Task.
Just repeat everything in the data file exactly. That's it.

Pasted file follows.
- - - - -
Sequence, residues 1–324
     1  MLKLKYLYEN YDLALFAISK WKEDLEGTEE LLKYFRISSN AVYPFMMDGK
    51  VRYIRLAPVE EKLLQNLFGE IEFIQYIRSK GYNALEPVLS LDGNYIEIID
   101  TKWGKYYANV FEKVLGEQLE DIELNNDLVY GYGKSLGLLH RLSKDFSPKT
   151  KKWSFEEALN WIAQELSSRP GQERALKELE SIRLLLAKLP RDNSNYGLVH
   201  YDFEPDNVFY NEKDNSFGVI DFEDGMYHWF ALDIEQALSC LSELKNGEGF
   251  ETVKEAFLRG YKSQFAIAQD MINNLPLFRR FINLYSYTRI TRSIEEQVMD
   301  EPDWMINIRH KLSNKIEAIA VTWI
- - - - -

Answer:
Sequence, residues 1–324
     1  MLKLKYLYEN YDLALFAISK WKEDLEGTEE LLKYFRISSN AVYPFMMDGK
    51  VRYIRLAPVE EKLLQNLFGE IEFIQYIRSK GYNALEPVLS LDGNYIEIID
   101  TKWGKYYANV FEKVLGEQLE DIELNNDLVY GYGKSLGLLH RLSKDFSPKT
   151  KKWSFEEALN WIAQELSSRP GQERALKELE SIRLLLAKLP RDNSNYGLVH
   201  YDFEPDNVFY NEKDNSFGVI DFEDGMYHWF ALDIEQALSC LSELKNGEGF
   251  ETVKEAFLRG YKSQFAIAQD MINNLPLFRR FINLYSYTRI TRSIEEQVMD
   301  EPDWMINIRH KLSNKIEAIA VTWI